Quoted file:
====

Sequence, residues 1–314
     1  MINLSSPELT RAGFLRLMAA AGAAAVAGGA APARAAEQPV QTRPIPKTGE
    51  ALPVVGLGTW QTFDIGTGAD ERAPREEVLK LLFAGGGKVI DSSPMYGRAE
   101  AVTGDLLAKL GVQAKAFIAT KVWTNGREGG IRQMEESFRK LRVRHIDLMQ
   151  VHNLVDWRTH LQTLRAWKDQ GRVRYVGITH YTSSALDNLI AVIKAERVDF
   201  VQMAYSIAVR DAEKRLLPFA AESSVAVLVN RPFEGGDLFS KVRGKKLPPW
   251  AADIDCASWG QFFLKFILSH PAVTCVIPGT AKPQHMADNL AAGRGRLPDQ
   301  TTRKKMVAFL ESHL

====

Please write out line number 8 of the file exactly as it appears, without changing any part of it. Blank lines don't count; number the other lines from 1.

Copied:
   301  TTRKKMVAFL ESHL